Even when large price changes barely affect supply and demand, they could still serve an important economic function. The opinions and information of traders are incorporated into prices, which — when markets are transparent — provide useful signals for long-term business decisions.
 Table 1 and Figure 13 of Waelbroeck and Gomes indicate that the bulk of institutional equity meta-orders are shorter than a few days.
 Demand is similar. For ease, let’s just discuss the supply side.
 Latent liquidity isn’t usually observable, so we can’t easily test the hypothesis that latent liquidity at a given price builds as a function of time since the market was at that price. But latent liquidity could be measured via the order book — if a market is heavily financialized, transparent, and dominated by traders who don’t hide their intentions. Arguably, Bitcoin is (or used to be) such a market.
 We could add an i.i.d noise term to and it wouldn’t affect the results. The assumption that has no explicit price-dependence is similar to Donier and Bouchaud’s example of constant and . This assumption is obviously wrong, but sufficiently close to the market price, it may be reasonable enough.
 The reaction time of businesses could be significantly longer than the human decision-making timescale. Especially when the market in question isn’t transparent or mature. E.g., if a farmer switches from growing olives to almonds, it might take her grove several years to become productive again. So the price of almonds may need to reach a multi-year high in order for her to be confident enough to switch crops. But, if the farmer could hedge her future production, she might quickly decide to switch crops after it becomes economical to do so. Perhaps a well-developed futures market reduces the valid range of this model from to .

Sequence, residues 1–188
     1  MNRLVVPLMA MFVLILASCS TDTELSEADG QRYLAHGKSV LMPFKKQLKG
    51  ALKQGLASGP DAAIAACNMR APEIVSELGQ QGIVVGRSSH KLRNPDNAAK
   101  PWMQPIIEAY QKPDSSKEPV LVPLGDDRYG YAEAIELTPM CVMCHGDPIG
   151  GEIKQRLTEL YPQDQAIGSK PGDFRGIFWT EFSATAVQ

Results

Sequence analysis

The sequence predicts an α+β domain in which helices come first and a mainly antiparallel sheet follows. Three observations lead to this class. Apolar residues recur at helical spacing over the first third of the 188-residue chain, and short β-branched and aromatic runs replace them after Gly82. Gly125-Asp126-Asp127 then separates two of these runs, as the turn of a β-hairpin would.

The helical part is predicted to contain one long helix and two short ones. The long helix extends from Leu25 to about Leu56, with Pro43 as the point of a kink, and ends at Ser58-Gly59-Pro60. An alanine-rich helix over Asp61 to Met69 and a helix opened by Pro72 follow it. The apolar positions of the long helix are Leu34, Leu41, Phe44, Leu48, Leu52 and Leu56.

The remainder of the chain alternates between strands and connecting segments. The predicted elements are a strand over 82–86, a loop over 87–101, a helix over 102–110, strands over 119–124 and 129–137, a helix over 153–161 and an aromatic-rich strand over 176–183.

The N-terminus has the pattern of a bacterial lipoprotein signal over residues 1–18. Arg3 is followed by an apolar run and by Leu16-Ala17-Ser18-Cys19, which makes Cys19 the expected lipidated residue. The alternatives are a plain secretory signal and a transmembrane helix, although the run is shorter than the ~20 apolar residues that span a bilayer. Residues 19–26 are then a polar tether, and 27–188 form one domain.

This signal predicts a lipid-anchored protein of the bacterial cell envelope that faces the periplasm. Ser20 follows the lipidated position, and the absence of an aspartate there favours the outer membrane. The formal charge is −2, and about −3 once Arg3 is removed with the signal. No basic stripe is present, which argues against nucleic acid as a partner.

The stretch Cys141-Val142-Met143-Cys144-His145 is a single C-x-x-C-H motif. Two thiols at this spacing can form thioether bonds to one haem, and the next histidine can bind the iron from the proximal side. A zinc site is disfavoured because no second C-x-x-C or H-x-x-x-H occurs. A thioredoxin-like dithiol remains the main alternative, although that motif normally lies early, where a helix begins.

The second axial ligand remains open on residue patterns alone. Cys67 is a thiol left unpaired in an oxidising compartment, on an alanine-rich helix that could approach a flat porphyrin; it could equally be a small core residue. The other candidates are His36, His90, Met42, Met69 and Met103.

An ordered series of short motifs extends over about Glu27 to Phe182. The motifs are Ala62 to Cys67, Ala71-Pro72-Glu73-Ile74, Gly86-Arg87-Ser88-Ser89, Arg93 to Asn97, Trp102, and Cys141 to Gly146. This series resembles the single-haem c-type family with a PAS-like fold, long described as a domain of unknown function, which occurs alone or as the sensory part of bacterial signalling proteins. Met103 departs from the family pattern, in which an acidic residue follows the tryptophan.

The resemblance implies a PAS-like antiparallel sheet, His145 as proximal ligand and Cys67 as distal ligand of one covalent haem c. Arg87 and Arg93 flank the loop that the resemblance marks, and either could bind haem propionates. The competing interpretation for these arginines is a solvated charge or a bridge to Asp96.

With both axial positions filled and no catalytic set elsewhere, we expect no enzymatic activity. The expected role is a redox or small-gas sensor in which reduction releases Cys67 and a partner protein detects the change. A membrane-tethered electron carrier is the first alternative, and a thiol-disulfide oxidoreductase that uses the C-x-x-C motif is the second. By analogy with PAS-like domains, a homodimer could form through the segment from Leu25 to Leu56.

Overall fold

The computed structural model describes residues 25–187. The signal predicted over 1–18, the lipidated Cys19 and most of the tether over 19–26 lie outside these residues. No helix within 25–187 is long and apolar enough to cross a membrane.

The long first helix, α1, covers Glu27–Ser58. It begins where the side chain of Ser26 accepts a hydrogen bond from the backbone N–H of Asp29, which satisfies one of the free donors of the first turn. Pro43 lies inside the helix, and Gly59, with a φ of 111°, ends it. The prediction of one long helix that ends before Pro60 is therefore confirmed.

See eq. 38 of Majumdar and citations for details. I changed the CDF of eq. 38 into a PDF, and dropped a non-leading term.
 Eq. 22
 Sparre-Andersen scaling applies to any Markov process with a continuous and symmetric distribution of price movements: For large , first passage time distributions have to decay like . So, in order for the expectation over to converge, we must have for large (assuming is monotonically increasing). That is, the marginal supply at a given price must grow more slowly than the square root of the time since the market was at that price. The connection between latent liquidity and first passage times won’t hold for very long , but this may provide a loose bound on how quickly latent liquidity can replenish.